2. Changes are happening, but they take time
financial market pundits are always looking for quick fixes, the magical wand being waved and solving every problem quickly (and giving a nice quick return on one’s trading positions).
When the crisis started, the EU had nothing to counter it. Now we have the ESM, the EFSF, we have USD swaps with the FED, they have a pragmatic ECB. Of course the pundits scream “this is not big enough” or “this is not fast enough”. Basle II, one of the main drivers behind increasing Government debt is reworked.
In many countries, the Government has changed and those Governments are implementing reforms. Again, it is not a quick fix but many steps in the right direction. Maybe something like the FDIC on a European level is missing, but if I interpret this correctly, something like that might be on the way.
In my opinion, the market has given absolutely no credit for any of this.
3. There is still huge growth potential in Europe
If Europe and the Eurozone gets it right, there is still a huge “natural” growth potential in Europe, especially in Eastern Europe. As difficult as it sounds, but what is currently mentioned as the biggest advantage of China, poor people wanting to move into the cities and climbing up the ladder, applies to countries like Bulgaria, Romania, Ukraine etc. as well.
4. Companies are becoming more European and more competitive
What I can see in many of the smaller companies I am following is the fact that many of them now (by pressure of their declining home markets) are forced to expand internationally, especially in the neighbouring EUR countries. And many do so quite successfully. This means more competition on the one hand but more competition means more efficiency in the long run. So less competitive companies will suffer, whereas clever competitive companies will discover that a large more or less homogenous market offers advantages.
And those companies will fight (and lobby) for the EUR and the European Union.
5. You never know what is going to happen
Finally, a lot of other things could happen on the positive side. Maybe a break through on the clean energy side ? Space and time travel ? China buying EUR bonds instead of USD bonds ? I don’t know and the market does not know.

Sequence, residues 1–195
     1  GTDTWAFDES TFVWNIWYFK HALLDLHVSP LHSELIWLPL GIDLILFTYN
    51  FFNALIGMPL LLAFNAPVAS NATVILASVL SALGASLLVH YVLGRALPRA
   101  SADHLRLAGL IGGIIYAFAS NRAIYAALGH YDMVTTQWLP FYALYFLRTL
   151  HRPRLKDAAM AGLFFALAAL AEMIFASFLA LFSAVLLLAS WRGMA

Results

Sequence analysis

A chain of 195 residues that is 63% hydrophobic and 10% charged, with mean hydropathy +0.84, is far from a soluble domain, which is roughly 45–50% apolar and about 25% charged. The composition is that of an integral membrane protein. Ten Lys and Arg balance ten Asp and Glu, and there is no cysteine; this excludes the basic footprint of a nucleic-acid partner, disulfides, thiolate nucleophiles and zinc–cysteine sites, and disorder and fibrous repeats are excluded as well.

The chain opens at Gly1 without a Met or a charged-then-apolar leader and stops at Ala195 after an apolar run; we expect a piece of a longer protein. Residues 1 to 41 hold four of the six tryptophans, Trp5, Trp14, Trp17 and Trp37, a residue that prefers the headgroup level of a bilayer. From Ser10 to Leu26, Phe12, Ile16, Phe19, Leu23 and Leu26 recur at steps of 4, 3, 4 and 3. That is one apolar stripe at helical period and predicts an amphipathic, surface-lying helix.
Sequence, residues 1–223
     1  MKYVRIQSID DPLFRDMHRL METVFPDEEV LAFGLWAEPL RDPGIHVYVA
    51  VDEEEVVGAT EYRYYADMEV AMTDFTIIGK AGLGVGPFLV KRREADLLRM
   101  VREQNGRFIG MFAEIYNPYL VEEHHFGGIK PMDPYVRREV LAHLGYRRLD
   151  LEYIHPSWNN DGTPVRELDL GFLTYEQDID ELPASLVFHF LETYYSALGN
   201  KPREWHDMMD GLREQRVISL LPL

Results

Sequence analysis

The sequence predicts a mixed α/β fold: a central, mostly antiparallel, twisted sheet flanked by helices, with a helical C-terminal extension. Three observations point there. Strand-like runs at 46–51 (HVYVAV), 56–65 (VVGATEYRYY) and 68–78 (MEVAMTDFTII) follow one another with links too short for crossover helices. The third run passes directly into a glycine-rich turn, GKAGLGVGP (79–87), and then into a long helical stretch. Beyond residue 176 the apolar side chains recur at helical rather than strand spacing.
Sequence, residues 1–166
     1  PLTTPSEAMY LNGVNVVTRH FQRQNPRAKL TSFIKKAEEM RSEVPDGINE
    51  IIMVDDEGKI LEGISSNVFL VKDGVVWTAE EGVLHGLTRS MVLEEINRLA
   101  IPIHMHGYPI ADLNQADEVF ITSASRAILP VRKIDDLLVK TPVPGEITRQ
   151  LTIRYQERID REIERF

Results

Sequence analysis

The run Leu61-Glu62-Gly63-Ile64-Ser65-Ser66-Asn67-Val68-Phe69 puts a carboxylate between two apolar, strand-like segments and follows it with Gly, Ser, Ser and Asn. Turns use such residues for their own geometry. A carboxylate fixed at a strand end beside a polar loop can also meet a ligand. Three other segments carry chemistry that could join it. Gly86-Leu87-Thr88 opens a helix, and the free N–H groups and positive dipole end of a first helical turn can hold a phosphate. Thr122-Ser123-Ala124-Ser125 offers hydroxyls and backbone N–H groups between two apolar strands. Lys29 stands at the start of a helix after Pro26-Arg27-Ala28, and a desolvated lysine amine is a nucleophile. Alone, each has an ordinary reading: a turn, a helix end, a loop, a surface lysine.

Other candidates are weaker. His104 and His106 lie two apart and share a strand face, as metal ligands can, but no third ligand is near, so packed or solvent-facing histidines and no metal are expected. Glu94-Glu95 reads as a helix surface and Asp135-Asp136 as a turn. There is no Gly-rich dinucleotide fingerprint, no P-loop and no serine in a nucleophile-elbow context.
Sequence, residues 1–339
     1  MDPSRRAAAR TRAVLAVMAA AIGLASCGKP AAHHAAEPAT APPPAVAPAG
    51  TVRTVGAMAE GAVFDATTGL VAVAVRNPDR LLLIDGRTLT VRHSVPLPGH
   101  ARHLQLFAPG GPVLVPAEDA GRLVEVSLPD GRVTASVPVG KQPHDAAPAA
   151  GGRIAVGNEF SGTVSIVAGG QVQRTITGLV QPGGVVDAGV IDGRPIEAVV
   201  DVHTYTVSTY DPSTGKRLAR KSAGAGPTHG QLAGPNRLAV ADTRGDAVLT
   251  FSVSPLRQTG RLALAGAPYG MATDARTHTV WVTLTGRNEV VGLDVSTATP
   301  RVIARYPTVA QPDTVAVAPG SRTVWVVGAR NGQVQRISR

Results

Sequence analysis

6. There is no place to hide
A lot of people are trying to give “clever” advice where one can “safely” invest if the EUR and the Eurozone falls. In my opinion, the economy globally is much to interlinked that there were any safe havens. Short term yes, the USD can go up, the GBP can go up. But maybe not. Long term the global powers have to work together to get out of this mess. Whenever you hear the word “decoupling” you should run to the hills.
I am sure many readers could come up with 100 reasons why Europe and the EUR will fail out of current media reports and all might be valid. Hopefully I could make the point that the consensus is usually dead wrong and that in many comparable crisis people would not recognize any positive REAL developments even if you hit them on the forehead with them many times.
I don’t suggest that we will see a massive rally in the EUR stock market soon, but in the medium term the opportunities will present themselves to the long term oriented investor if she/he is looking in the right places against the consensus view.
Based on past experience, such a full cycle from crisis and doom back to normal or even boom can last 5-10 years. Depeneding on when we start to count (2008 or 2011) we might be somewhere before or relatively close to the bottom.
People are much to focused on short term Central Bank actions. Long term, the “real economy” will prevail. And again, the future is not a fixed lineary extrapolation of the past.